Certain Songs #1252: Neil Young with Crazy Horse – “C’mon Baby Let’s Go Downtown”

Album: Tonight’s The Night
Year: 1970

Recorded at the Fillmore East, New York on March 7, 1970

I almost didn’t write about this song. After all, as you know, I usually like to go chronologically, and not only was this song recorded five years before it was released on Tonight’s The Night, it has since been released in the proper context: the amazing Live at The Fillmore 1970; one of the very first of the Archives-oriented reissues.

Not to mention, Neil doesn’t even really sing lead on this, and even his co-write status is a bit dodgy.

That said: in the context of Tonight’s The Night, an album about grief and guilt over the drug-oriented deaths of Bruce Berry and Danny Whitten, sticking in a Whitten-sung song about scoring drugs has always felt like a master stroke, a weird burst of lightness in between the stark “Borrowed Tune” and the pleading “Mellow My Mind.”

Come on, baby, let’s go downtown
Let’s go, let’s go, let’s go downtown
Come on, baby, let me turn you around
Turn you, turn you, turn you around

Anchored by a repeating guitar riff, an upbeat(ish) tempo over which Whitten & Young sing in unison, the incongruous thing about “C’mon Baby Let’s Go Downtown” is how joyous it sounds. They’re clearly in the early phase of drug use, where everything is new and bright and fun, and you’re still playing peek-a-boo with addiction.

Compared to its obvious antecedent, The Velvet Underground’s “I’m Waiting For The Man,” it’s almost obnoxiously happy. At least Lou Reed had the sense to be nervous and jumpy, especially with all of that John Cale piano and Moe Tucker forcebeat signifying that Lou’s dude has one thing on his mind: scoring heroin.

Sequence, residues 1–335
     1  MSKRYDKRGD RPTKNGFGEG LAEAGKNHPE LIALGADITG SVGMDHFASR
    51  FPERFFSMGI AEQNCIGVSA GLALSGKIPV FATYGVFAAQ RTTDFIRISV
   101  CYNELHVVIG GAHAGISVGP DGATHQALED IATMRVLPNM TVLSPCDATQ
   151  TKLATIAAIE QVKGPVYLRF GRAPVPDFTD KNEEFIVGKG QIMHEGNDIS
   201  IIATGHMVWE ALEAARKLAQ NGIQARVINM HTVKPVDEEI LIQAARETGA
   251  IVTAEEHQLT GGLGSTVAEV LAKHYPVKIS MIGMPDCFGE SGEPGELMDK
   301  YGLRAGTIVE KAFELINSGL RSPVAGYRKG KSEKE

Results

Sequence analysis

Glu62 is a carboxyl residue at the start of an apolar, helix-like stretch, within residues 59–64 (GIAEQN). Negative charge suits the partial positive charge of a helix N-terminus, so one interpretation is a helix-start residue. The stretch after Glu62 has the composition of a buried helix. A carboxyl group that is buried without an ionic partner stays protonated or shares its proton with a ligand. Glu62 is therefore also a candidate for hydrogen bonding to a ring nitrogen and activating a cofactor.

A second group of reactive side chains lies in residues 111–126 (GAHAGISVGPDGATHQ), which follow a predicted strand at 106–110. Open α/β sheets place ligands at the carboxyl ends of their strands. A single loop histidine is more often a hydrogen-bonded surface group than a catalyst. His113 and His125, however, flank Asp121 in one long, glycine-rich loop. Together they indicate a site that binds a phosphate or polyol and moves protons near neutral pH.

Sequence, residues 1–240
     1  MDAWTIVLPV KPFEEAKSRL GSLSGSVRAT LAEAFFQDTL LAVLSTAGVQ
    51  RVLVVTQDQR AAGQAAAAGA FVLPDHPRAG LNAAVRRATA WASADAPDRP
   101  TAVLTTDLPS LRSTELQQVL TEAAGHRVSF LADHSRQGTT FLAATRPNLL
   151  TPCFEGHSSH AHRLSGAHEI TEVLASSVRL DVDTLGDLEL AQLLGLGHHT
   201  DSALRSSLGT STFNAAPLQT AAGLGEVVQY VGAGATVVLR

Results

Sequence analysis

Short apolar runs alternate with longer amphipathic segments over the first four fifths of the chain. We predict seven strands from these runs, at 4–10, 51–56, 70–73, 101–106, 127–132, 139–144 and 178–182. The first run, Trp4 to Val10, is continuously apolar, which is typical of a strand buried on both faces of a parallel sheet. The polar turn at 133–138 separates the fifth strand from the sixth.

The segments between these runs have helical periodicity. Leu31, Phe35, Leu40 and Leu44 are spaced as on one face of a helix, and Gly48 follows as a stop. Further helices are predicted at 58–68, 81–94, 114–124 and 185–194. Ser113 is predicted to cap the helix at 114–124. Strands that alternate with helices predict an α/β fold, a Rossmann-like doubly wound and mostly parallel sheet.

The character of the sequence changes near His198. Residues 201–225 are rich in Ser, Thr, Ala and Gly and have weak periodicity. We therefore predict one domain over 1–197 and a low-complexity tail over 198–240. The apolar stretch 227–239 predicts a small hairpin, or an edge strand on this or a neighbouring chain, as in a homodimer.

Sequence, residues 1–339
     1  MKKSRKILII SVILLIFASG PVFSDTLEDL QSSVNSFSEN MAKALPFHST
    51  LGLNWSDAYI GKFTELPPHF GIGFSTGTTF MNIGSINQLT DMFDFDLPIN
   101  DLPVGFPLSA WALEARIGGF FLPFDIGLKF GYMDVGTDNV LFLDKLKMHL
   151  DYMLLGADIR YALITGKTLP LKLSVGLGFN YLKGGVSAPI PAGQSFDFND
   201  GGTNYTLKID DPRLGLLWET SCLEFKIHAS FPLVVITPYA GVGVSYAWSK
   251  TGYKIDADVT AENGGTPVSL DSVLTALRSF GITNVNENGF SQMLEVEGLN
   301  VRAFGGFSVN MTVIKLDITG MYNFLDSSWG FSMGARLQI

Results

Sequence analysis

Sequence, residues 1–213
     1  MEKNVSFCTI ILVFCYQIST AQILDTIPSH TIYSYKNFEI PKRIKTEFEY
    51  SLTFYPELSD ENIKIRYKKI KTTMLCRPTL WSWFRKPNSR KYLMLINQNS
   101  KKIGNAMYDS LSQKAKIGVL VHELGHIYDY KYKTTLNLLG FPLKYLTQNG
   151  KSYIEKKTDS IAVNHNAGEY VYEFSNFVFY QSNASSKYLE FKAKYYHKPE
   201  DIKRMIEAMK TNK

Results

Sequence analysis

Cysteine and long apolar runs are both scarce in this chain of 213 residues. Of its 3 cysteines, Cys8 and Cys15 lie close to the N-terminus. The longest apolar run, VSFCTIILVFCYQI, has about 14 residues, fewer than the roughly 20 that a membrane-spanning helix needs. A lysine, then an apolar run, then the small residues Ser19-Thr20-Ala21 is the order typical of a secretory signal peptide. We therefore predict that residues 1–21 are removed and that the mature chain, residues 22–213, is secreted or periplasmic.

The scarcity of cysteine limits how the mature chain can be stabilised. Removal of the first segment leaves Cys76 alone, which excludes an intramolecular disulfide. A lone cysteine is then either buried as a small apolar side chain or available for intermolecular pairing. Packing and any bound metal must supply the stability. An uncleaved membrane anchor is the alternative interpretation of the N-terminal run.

Meanwhile, the drugs that Whitten is scoring are just part of his plan.

Snake eyes, French fries and I got lots of gas
Full moon and a jumping tune
Now you don’t have to ask
Sure enough, they’ll be selling stuff
When the moon begins to rise
Pretty bad when you’re dealing with the man
And the light shines in your eyes

Right now, that seems to be the major risk: getting busted. They haven’t yet gotten to the stage where the risk of getting busted doesn’t even enter into the calculation. So that’s the big worry.

Pretty bad when you’re dealing with the man
And the light shines in your eyes
Yeah

Pretty bad when you’re dealing with the man
And the light shines in your eyes
Yeah

Pretty bad when you’re dealing with the man
And the light shines in your eyes
Yeah

Pretty bad when you’re dealing with the man
And the light shines in your eyes
Yeah

With Neil right there on the high harmonies and the repeating riff in between each chorus, the ending of “C’mon Baby Let’s Go Downtown” almost makes you think that Whitten is worried about being busted so much that, in the end, he ain’t even going to go. But, of course, you know he is.

“C’mon Baby Let’s Go Downtown”

Crazy Horse – “Downtown”

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